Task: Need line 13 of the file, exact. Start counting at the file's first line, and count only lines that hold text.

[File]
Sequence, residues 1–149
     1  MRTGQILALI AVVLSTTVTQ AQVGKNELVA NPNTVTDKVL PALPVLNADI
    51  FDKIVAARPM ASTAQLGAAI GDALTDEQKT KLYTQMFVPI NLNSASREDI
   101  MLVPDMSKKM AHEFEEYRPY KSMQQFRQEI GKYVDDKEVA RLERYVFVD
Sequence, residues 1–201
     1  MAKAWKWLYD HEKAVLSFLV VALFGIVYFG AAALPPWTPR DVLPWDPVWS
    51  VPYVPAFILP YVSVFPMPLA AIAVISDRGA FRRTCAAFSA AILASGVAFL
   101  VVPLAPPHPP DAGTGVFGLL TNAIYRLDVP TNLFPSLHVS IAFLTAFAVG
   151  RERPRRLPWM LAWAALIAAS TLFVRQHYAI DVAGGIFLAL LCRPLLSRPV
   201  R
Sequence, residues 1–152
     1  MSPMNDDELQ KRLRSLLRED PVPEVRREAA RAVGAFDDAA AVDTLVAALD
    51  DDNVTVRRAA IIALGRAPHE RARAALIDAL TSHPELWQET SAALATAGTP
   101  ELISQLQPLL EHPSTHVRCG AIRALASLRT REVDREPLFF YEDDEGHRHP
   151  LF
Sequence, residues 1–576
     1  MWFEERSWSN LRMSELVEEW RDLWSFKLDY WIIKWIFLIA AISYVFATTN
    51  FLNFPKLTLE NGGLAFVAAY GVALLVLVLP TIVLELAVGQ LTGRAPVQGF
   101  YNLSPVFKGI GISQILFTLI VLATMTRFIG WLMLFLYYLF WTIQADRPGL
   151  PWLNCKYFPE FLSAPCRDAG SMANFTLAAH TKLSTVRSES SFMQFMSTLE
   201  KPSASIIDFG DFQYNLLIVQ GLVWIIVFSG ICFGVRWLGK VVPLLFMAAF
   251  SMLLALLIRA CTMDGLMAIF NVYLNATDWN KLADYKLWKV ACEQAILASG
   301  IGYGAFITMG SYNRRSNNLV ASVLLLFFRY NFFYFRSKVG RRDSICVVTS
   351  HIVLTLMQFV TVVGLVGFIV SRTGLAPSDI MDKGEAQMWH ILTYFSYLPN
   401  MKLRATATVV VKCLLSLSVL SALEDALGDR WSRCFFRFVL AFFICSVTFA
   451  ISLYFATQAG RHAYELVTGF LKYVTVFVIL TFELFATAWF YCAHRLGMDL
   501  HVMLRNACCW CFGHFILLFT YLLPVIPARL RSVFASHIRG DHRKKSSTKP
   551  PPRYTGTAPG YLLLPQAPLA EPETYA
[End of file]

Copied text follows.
    51  DDNVTVRRAA IIALGRAPHE RARAALIDAL TSHPELWQET SAALATAGTP